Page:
The Strange Life and Death of the Imperial Russian Battleship Perseviet


As the 19th Century drew to a close, Imperial Russia embarked on a naval building program in a desperate attempt to match the growing naval might of her European neighbors.   Regional rivalries with Britain (Afghanistan and Persia) and Austria-Hungary (Balkans), both of whom were embarking on significant naval expansion, spurred a flurry of shipbuilding for the Tsarist Navy.  Among the pre-Dreadnought battleships to join the Imperial Navy was Perseviet.  Displacing 13,300 tons, with a speed of 18 knots, she was built in St. Petersburg, launched in 1898, and commissioned in June, 1901.  Armed with four 10-inch/45 caliber M1891 naval rifles, she had a cruising radius of 3,100 nautical miles at ten knots.

Despite the attributes of speed and range, Perseviet quickly became obsolescent, as late German (of the Braunschweig-class ) and British pre-Dreadnoughts (Canopus, Duncan, and Formidable-classes) rapidly outclassed her in armament and matched her in speed and protection.  Nascent fire direction developments in those navies also extended main gun range well beyond the 10,000 yards of Perseviet’s capability.

When the Russo-Japanese War broke out in February of 1904, Perseviet was at Port Arthur.  Undamaged in the initial fight, Perseviet remained anchored at Port Arthur through the summer of 1904.   A number of her secondary and tertiary batteries were landed in a vain attempt to augment the defenses for the port and surrounding forts and positions.


In August, the Pacific Squadron sortied to make a run for Vladivostok, but was met and roughly handled by the Japanese Battle Fleet at the Battle of the Yellow Sea.  The squadron returned to Port Arthur.  In the brief engagement, Perseviet was hit nearly 40 times and suffered 82 casualties, including 13 dead.    Throughout the autumn, Japanese and Russian ground forces fought for control of the key terrain around the port.  On 5 December 1904, Japanese forces took Hill 203, allowing them to site several 280mm siege guns in positions overlooking the anchorage.  The guns scored numerous hits on most of the major units, including Perseviet.  On 7 December 1904 her crew scuttled the damaged battleship in shallow water.


Just after the new year, Port Arthur fell to the Japanese.  The Japanese eventually raised a number of Russian ships that had been sunk or scuttled in the port, including eight pre-dreadnought battleships, Perseviet among them.   Renamed Sagami in IJN service, the ship was extensively rebuilt at Yokosuka between 1905 and 1908.  Her main and secondary batteries were replaced, with Armstrong-Whitworth 12”/40 cal Mk 41 rifles, and 6”/45 cal QF guns, her boilers were replaced, and her fighting tops eliminated.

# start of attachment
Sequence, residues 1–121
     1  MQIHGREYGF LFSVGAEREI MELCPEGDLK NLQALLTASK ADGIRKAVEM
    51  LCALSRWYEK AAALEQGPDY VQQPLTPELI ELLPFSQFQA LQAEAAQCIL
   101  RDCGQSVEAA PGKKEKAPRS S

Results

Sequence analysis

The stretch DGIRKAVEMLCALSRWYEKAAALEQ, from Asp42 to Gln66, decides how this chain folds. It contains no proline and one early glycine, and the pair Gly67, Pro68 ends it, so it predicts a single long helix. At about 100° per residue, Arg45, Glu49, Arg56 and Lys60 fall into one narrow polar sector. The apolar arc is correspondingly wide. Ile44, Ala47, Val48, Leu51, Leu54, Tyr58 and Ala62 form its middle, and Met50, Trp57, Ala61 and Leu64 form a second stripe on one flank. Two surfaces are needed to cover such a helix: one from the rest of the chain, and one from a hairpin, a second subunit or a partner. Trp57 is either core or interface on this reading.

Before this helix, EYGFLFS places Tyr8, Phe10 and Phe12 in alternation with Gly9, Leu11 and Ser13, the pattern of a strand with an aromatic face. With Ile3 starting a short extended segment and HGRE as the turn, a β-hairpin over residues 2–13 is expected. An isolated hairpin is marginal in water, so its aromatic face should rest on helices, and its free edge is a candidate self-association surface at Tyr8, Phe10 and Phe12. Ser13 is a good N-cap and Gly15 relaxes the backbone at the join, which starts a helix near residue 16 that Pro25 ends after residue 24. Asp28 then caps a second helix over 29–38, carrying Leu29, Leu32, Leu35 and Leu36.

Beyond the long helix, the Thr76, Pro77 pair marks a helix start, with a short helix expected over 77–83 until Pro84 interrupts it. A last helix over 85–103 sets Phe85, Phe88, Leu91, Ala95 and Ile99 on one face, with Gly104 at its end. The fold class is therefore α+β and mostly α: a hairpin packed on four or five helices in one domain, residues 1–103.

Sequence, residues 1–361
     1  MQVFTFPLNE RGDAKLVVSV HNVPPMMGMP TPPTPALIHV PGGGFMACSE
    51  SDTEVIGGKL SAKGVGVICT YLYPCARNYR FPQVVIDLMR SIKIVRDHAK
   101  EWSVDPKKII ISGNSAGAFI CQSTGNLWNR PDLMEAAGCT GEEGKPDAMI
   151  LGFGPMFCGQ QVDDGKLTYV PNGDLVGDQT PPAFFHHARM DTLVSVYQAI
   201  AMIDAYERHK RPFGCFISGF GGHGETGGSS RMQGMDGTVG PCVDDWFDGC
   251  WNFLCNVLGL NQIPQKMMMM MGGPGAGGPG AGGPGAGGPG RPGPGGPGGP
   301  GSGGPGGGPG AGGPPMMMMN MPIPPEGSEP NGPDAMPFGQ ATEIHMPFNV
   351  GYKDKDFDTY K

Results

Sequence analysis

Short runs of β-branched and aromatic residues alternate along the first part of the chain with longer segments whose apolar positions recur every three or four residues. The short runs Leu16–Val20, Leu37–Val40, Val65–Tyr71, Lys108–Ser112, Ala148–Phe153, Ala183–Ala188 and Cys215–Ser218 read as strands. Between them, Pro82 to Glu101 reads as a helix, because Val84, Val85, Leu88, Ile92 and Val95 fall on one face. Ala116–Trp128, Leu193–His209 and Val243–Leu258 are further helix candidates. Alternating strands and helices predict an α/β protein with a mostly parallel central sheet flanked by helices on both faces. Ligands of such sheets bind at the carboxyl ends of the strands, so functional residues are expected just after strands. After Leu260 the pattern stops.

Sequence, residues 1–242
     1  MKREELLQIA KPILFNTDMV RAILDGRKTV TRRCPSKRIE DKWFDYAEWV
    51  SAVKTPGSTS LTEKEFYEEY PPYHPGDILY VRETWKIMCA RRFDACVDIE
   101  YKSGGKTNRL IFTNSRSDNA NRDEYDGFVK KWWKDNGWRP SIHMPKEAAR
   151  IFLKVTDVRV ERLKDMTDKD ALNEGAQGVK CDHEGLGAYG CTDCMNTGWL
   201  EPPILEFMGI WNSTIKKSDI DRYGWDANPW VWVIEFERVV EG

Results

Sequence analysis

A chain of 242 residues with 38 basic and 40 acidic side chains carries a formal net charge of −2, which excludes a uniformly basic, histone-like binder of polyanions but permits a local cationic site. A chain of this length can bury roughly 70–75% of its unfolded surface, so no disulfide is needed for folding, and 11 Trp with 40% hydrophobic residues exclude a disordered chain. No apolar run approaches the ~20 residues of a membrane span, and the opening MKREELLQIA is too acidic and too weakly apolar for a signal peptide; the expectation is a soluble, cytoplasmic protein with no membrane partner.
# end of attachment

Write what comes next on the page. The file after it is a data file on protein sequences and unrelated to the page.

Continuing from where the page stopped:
With the outbreak of the First World War, erstwhile adversaries Japan and Russia found themselves as allies against the Central Powers.  With the Imperial Russian Navy desperate for ships to meet any threat to their western ports from the High Seas Fleet, Japan sold Sagami, now classified as a Coast Defense Ship, back to Russia in early 1916.  Re-named once again Perseviet, she was assigned to the Arctic Fleet in Murmansk/Archangelsk, but promptly ran aground.  Floated and repaired, Perseviet transited the Suez Canal in early January 1917.


As Perseviet passed 10 nautical miles north of Port Said on 4 January, she struck at least two mines, and sank with the loss of 167 lives.  The mines had been laid by the German submarine U-73, a UE-1 minelaying type, which was operating in the Adriatic and Mediterranean from Pola.

Built by the Tsarist Navy to challenge the maritime power of Russia’s regional foes, Perseviet was damaged and scuttled following the disastrous defeat in the Russo-Japanese War (not to a European naval rival but an Asian one), which led to the Revolution of 1905, an event that nearly toppled Romanov Russia.   Captured by Japan, serving nearly a decade in a foreign navy, Perseviet’s return to the service of Nicholas II was brief, before she was sunk in the disastrous defeat of the First World War, which brought about the final collapse of the rule of the Romanovs and the advent of the Bolsheviks and their Soviet Russia.


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5 responses to “The Strange Life and Death of the Imperial Russian Battleship Perseviet

  1. scottthebadger

    The Imperial Japanese Navy liked to do things on December 7, didn’t they?


  2. ultimaratioregis

    An interesting contemporary description of the beginning of the war on 9 Feb 04 was that Japanese torpedoes being fired at Russian ships was the “Japanese style of a Declaration of War”.


  3. Wasn’t there a Sino-Japanese incident circa 1900, that started when a Japanese ship open up on a Chinese one?


  4. There was a Japanese TV series about that period, “Saka no Ue no Kumo”:

    It’s hard to find, you might have to look on the torrent sites, but I found it interesting, not least for its unabashed nationalism – the kind of shows we *don’t* make anymore. The Chinese ship incident is portrayed in one episode.


  5. Having read the story behind the Potemkin Mutiny, studied the devastation the Japanese laid upon the Russians at Tsushima in 1905, and now learned about the Perseviet, it’s apparent that the life a Russian sailor around the turn of the 20th century wasn’t all sunshine and smiles.